Financial markets had another choppy month to finish off a bumpy year that offered little to show for the trouble. Headlines such as a “weather related” U.S. economic slowdown, a possible “Grexit” from the eurozone, a decelerating Chinese economy and the continued free-fall in commodities rattled market sentiment from time to time this past year. While global growth has slowed, the U.S. economy continues to plod along with a tepid but steady 2% growth rate, a strong labour market at a pre-recession unemployment rate of 5% and a moderate, albeit, below target inflation level. One major obstacle, the long-anticipated Fed rate hike, was recently handled with aplomb – thus removing, for now, the uncertain effects of concluding the Fed’s unprecedented zero interest rate policy (ZIRP). Despite a positive U.S. outlook and contained impact of the Fed’s rate move, Canadian investors, with globally diversified portfolios, owe the lion’s share of their gains from the currency effects of a falling loonie.
The month’s first half saw equity investors in a dour mood as financial markets reeled from renewed concerns over global growth, another step down for commodity prices and a miserly ECB response to its economic doldrums. In the U.S., demonstrative momentum in the labour market was eclipsed by November’s disappointing ISM Manufacturing Index reading of 48.6 (a three year low) and an expected decline in U.S. real exports by 2.4% – widening the trade deficit by $1.4B to $44B in October. The gloomy tone was echoed across the pond as the ECB’s Christmas gift of a 10 basis point cut to the lending rate and a six month extension of its QE program fell short of the largess expected by investors. Crude oil added to the darkness as it hit a six year low on OPEC’s announcement to leave oil production targets unchanged – tacitly abandoning its past record of controlling crude prices. The poor outlook for oil added to contagion concerns in the high yield credit market as high profile oil players such as Kinder Morgan and Encana uncharitably slashed their dividend by 75% and 79% respectively. In Canada, expectations were held in check despite third quarter’s GDP ticking in at 2.3% annualized and the BoC holding pat on lending rates, as analysts expect a deceleration in GDP due to continued weakness in the resource sectors. Adding to the cold bath was a 1.5% decline in real exports and the unemployment rate moving up to 7.1% on the back of 36,000 lost jobs in November. By the end of the second week, oil prices fell a drastic 15% in a fortnight to US $35 bbl. Canadian and U.S. equities were down 5% and 3% respectively. Europe was also down 1% after accounting for an unexpected rise in the Euro – the loonie also falling 3% and 5% against the greenback and Euro respectively.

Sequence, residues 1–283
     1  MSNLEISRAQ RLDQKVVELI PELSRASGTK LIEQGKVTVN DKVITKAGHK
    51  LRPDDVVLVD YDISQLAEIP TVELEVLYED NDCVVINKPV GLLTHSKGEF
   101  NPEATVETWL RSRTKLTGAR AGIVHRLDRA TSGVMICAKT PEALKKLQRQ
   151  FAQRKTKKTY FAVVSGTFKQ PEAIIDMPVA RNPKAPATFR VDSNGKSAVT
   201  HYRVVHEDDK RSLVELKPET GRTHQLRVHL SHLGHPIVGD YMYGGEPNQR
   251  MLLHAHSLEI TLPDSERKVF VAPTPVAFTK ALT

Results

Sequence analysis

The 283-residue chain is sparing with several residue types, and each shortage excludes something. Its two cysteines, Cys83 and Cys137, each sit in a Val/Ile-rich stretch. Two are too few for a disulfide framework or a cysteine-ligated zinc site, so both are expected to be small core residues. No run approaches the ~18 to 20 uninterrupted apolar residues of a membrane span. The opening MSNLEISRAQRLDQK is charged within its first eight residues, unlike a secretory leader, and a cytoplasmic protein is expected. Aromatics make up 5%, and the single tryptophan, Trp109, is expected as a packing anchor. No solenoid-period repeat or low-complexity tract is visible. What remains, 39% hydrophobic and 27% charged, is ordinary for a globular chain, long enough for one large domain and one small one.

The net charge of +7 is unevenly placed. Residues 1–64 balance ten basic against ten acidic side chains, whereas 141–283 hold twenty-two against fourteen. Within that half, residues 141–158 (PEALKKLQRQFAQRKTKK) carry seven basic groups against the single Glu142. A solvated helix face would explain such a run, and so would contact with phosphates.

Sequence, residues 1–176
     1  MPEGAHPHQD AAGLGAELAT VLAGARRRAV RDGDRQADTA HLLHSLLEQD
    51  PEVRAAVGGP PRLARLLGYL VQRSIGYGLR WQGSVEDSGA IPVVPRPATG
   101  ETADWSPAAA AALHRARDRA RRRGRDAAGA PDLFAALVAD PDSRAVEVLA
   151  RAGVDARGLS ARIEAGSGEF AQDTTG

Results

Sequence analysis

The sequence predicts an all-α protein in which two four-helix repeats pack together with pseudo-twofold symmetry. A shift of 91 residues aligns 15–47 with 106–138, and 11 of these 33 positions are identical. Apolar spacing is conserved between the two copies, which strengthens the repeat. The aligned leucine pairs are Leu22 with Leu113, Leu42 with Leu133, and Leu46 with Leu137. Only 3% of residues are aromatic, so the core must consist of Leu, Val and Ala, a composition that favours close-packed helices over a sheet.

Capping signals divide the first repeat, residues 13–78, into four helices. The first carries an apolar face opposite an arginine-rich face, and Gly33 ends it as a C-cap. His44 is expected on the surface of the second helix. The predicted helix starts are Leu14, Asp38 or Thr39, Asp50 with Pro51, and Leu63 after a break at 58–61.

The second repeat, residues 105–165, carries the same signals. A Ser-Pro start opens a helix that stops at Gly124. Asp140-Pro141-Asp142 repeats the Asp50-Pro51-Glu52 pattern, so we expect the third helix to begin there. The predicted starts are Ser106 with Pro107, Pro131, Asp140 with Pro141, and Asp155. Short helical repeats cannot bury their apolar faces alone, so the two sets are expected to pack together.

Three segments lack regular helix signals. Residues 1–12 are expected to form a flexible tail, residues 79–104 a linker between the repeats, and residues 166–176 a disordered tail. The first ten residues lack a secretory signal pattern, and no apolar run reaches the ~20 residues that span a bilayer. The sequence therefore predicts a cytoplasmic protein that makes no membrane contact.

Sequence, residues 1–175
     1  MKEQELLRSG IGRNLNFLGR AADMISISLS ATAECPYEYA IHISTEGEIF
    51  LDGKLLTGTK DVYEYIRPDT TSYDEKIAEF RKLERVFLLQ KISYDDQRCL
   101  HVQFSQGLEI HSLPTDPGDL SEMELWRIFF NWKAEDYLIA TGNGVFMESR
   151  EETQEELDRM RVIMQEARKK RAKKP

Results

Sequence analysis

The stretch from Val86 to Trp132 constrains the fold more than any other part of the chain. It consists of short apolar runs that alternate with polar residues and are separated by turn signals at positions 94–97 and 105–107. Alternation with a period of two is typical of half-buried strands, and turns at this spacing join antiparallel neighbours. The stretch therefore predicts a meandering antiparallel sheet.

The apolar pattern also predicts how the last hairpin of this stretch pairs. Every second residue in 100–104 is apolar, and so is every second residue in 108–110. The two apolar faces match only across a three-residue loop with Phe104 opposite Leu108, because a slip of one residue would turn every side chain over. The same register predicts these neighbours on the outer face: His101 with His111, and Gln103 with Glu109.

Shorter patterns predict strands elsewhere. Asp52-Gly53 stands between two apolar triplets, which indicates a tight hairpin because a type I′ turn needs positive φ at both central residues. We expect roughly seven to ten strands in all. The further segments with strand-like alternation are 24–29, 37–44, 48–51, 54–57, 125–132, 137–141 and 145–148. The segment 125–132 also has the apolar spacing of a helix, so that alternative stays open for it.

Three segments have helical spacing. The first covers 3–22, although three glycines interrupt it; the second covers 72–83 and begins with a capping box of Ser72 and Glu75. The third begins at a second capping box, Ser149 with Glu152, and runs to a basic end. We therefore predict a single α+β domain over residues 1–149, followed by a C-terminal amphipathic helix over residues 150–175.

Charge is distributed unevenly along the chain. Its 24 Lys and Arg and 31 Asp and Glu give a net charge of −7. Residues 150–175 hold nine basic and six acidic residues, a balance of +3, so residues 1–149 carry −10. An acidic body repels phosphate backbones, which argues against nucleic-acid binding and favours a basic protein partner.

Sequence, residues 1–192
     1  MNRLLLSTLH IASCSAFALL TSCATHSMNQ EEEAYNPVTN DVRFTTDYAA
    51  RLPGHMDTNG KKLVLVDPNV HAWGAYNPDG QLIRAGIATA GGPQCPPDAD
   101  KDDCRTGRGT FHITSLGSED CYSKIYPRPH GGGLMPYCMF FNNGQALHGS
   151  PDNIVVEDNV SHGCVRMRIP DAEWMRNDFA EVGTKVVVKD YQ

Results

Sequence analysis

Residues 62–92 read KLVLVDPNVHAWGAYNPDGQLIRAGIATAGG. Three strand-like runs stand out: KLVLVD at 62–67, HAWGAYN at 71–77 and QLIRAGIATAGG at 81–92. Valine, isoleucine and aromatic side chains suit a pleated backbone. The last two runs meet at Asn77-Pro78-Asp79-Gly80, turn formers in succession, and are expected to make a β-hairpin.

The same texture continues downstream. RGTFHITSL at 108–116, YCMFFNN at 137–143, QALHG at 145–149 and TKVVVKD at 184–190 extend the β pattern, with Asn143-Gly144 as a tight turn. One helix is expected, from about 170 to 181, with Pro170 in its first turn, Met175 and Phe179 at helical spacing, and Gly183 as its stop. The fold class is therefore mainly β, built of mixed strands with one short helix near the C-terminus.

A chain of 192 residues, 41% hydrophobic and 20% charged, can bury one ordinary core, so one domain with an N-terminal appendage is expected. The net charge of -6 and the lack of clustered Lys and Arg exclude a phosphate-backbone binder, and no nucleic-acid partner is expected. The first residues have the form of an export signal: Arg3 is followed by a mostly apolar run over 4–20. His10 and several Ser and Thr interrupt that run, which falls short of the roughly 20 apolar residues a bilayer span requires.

The month’s second half finally vindicated interest-rate forecasters as the U.S. Fed announced its first rate hike in nine years. Equities staged a rally in the days leading up to the announcement, with some profit-taking shortly thereafter. Investors appeared to interpret the Fed’s action as a vote of confidence in the U.S. economy. The conspicuous announcement was further distinguished for not only bringing rates off a historic floor of zero percent, but also, with all Fed board members voting unanimously in favour of the modest hike. The possibility of market disruption from this decision was averted with bond markets taking the news in stride as Fed Governor Yellen stressed that further rate hikes would be “gradual” and driven by labour market and inflationary considerations – the momentum of both not a certainty . The Fed’s trepid move came off without a hitch as short-term interest rates moved as expected despite the current environment of excess reserves while long-term rates were largely unaffected. Treasury prices fell as yields rose prior to the Fed’s announcement. The investment-grade and high-yield corporate bond market’s reaction to the rate hike was muted. European equities rallied following the Fed’s announcement but pulled back as the usual concerns about underlying weakness in the global economy affected market sentiment. For the last two trading weeks of the year, Canadian and European equities were down 1% while U.S. markets were off 0.5%.
By the end of the month, Canada’s TSX lost 3% with ten sectors in the red with energy greatly affecting at -8%. The S&P 500 slipped -1.5% while the EAFE indices declined 1.3% – both of which benefited from a 3.7% monthly drop to the loonie – bringing them both into positive territory (+2.2%). The U.S broad-based bond index vacillated in a 0.7% trading range only to finish down a gentle 0.3%, while Canadian bond investors enjoyed the effects of monetary policy divergence with a 1.1% gain their index.